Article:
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WEEKLY OVERVIEW

Africa makes inroads on open development data

New statistical and open data platforms are being set up to remedy long-standing challenges of development data access across Africa, promising to improve services and increase transparency. Open data on developing countries can be used “to improve the efficiency and coverage of public services in a variety of development sectors such as education, health, transport, energy”, says Amparo Ballivian, a lead economist at the World Bank. Open data can also help generate new businesses and therefore job opportunities, and improve transparency, adds Ballivian.

Open data and driverless buses: how London transport heads to the future

Vernon Everitt, TfL's managing director for customer experience, claims London is a global leader in its open approach to data, with live information shared freely with developers, around 6,000 of whom have registered to take feeds from the Tube and roads control rooms. This has not only led to an array of brilliant apps for passengers, but their use has helped TfL monitor shifts in demand as passengers monitor information about the whereabouts of their tube trains, Boris bikes and buses, in a way that suits them – not just going to the TfL website, he said, adding that the website has been used by around three quarters of Londoners to check on their journey.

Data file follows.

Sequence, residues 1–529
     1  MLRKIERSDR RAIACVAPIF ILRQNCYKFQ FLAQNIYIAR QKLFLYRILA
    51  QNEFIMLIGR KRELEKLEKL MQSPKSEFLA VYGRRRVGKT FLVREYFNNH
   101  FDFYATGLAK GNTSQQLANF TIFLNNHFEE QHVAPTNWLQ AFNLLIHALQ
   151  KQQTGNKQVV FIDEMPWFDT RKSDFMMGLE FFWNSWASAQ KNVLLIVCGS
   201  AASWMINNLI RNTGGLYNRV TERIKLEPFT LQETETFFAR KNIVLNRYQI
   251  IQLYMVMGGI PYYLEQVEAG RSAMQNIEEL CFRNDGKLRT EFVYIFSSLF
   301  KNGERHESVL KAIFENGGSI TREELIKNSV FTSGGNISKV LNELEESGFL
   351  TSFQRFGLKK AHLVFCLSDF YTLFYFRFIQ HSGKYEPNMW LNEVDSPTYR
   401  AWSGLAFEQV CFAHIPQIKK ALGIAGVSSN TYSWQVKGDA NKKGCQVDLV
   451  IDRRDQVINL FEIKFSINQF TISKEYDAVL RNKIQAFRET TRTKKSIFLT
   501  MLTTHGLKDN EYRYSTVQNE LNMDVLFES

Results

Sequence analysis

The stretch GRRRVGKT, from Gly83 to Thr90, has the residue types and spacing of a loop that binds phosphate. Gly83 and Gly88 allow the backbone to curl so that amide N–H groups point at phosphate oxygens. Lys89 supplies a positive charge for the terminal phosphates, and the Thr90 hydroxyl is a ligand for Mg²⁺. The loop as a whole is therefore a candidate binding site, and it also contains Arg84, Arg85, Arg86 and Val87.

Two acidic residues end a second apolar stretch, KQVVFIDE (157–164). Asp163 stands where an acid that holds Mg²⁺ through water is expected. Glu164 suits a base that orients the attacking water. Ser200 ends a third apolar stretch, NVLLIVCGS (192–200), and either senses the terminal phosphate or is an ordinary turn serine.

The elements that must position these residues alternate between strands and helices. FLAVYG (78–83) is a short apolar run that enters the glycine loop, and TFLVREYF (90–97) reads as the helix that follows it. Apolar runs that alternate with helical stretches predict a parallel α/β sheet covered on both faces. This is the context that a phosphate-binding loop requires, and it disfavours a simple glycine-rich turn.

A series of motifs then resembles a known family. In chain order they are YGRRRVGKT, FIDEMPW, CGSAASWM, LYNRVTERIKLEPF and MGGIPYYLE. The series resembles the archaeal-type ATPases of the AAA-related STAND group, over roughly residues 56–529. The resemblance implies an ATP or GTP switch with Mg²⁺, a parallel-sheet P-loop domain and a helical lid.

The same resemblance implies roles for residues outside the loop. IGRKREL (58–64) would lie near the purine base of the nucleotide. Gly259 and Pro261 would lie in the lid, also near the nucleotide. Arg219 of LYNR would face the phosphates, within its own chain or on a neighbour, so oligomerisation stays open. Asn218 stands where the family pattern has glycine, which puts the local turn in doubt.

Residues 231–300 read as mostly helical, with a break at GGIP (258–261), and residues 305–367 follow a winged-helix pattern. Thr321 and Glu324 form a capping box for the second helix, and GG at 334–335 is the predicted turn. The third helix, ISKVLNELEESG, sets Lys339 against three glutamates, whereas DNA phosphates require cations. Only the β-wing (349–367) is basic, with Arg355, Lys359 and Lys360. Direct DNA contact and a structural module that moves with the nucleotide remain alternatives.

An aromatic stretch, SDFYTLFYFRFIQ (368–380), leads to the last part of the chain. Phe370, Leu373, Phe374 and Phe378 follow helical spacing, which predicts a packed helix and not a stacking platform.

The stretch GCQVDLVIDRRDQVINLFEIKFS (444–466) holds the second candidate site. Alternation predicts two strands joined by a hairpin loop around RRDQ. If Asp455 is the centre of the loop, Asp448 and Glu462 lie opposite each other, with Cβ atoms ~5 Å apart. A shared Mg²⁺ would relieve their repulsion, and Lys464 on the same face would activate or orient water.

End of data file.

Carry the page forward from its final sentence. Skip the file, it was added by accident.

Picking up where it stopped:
NY Study Shows How Freedom of Information Can Inform Open Data

On New York State's open data portal, the New York Department of Environmental Conservation has around 40 data resources of varying sizes, such as maps of lakes and ponds and rivers, bird conservation areas and hiking trails.

Festival shows the promises and perils of open data

Governments and big businesses want information to be free, but how will it work? A Berlin festival last week cast a friendly but critical eye over the idea. From science journals to research data, there is a movement towards setting data free for everyone to use. It is a fine idea, but how we get from A to Z is quite another issue.

Open data, crowdsourcing, and sharing economy tech take on new roles in disasters

In a disaster, figuring out what technology you have still works, how long it will work, and who knows how to use it is precious information. The idea of "disaster tech" is a vocative of that notion: what works when nothing else does? Last week, at a forum convened by the White House to share commitments from the private sector and to demonstrate data-driven innovation to helping people and disasters, I was reminded of that need.

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